The Ambassador in China (Gauss) to the Secretary of State

No. 2171

Sir: I have the honor to enclose translations of the following Kuomintang documents relating to the Chinese Communist Party obtained by the Embassy …:65 (1) three posters containing summaries of the “crimes of the Chinese Communist Party” prior to and since the outbreak of hostilities and of that Party’s “plots” since the beginning of hostilities with Japan and (2) a secret letter of December 1943 addressed by the Ministry of Organization of the Kuomintang to local Party Headquarters giving instructions in regard to the policy to be followed in dealing with the Chinese Communist Party.

Summary. The posters are said to have been prepared in August 1943 and to have been distributed among leading Kuomintang and Government personnel in November. The posters contain summaries of the Chinese Communist Party’s “crimes” in the military, political, economic and social fields and the Communist Party is charged with obstructing the “war of resistance” and as having as its sole aim the betrayal of China and the seizure of political power. That the Communist Party has had an opportunity to spread propaganda both in China and abroad is ascribed to the leniency of the Central Government which has heretofore refrained from exposing these “crimes” to responsible officials of the Party and the Government. The summary of the “plots” of the Chinese Communist Party includes “plots” for [Page 340] the seizure of political power, for ruining the “war of resistance”, for enlarging the Communist armed forces and for attacks upon and agitation among Central Government troops, their final aim being the overthrow of the National Government in the name of a democratic republic in order to establish a “dictatorship of the proletariat”.

The secret letter from the Kuomintang Ministry of Organization warns Party workers that in “guarding against and controlling the traitor party (the Communists)” the Kuomintang must not rely alone on those “comrades engaged in investigation work (the Kuomintang secret police)”. The work of the Kuomintang in combatting the Communists lies in several fields. In the field of propaganda, culture and education, propaganda must reveal Communist crimes, secret Party groups must be organized in schools and published writings must expose the plots of the traitors (Communists) and puppets. Politically, the masses must be incited to organize secretly for investigation and spying, the Party membership must be increased and those “elements who have been won to confession and have not yet lost their usefulness” should return to the Communist organizations to carry on disruptive activities. Militarily, an anti-conscription movement should be organized in the Communist areas, Kuomintang members should enter Communist military schools to win over Communist soldiers, and the masses should be encouraged to oppose the Communists and destroy their military establishments. Economically, the masses should destroy or seize Communist and puppet raw materials, warehouses and transport facilities and merchants should be propagandized not to trade with the Communists and puppets. End of Summary.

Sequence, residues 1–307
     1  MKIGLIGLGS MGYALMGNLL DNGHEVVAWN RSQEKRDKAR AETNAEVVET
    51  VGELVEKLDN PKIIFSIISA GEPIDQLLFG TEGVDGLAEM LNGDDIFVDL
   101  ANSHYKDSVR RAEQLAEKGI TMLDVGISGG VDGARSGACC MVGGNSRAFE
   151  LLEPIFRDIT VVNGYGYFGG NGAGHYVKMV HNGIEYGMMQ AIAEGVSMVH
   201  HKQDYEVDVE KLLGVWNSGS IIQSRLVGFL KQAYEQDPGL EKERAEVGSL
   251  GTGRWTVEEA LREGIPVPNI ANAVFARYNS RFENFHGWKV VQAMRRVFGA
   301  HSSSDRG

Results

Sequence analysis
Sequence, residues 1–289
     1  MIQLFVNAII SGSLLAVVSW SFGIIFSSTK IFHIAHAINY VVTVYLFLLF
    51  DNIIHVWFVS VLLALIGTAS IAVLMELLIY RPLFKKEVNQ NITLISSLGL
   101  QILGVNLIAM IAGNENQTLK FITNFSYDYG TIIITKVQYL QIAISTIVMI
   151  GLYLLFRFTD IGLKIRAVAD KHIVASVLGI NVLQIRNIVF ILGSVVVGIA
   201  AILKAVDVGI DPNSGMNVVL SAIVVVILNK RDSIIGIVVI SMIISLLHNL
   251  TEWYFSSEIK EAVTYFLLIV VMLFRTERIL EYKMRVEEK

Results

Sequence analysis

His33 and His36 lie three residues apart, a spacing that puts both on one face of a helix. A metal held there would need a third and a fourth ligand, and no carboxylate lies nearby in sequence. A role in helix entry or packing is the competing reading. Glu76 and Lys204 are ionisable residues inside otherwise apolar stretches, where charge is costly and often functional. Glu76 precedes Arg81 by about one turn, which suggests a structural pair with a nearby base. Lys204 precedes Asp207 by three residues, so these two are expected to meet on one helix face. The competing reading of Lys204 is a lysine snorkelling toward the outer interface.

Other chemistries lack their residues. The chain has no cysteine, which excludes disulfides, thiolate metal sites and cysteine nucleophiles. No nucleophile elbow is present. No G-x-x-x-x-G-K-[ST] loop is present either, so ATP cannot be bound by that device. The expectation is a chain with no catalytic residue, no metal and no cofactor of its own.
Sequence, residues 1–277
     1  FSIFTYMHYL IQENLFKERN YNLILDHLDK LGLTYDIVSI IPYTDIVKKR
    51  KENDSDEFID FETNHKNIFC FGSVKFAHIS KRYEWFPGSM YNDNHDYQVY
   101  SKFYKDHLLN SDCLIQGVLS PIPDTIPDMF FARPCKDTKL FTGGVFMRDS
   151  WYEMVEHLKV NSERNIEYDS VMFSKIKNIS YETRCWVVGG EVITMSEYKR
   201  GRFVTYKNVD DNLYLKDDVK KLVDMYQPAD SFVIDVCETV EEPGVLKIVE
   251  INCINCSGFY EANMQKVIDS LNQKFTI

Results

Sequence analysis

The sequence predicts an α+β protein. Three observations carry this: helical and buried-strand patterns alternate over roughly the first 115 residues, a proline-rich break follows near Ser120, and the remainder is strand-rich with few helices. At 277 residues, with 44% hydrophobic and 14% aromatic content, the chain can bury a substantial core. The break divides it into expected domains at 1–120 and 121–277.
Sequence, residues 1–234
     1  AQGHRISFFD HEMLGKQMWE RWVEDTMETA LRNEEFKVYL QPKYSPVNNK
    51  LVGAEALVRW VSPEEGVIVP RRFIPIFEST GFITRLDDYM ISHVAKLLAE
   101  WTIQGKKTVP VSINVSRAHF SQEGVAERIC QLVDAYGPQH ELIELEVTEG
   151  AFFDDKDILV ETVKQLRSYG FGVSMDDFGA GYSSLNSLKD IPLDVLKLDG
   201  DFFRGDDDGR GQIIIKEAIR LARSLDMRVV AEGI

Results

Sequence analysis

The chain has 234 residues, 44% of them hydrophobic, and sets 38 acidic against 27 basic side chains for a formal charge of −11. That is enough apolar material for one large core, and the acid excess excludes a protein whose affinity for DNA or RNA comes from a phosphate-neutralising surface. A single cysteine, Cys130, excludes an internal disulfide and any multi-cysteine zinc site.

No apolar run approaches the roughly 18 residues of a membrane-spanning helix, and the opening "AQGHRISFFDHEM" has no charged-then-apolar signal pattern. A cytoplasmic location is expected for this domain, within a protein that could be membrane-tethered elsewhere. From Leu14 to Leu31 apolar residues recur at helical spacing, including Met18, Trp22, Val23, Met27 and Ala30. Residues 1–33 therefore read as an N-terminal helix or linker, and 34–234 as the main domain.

The present intended use by the Kuomintang of these posters is not known beyond their distribution among certain Party and Government officials although the Secretary on detail at Sian states that he saw such posters affixed to the wall of a school he recently visited in Shensi. As they are said to have been prepared in August 1943, they were apparently intended to be utilized in a propaganda campaign designed to expose the “crimes” of the Communists (Embassy’s despatch no. 1675 of October 14, 194366). It is probable that due to the decision of the Central Executive Committee of the Kuomintang at its session in September 1943 to settle the Communist problem by political means the decision to initiate a bitter propaganda campaign against the Communists was either changed or deferred until some later date. So far as is known, these posters have not appeared in the Chungking area.

The distribution of these posters and the secret instructions issued by the Kuomintang Minister of Organization offer little indication of conciliation on the part of the Kuomintang and are scarcely designed to create better feeling on the part of either of the two parties.

Respectfully yours,

C. E. Gauss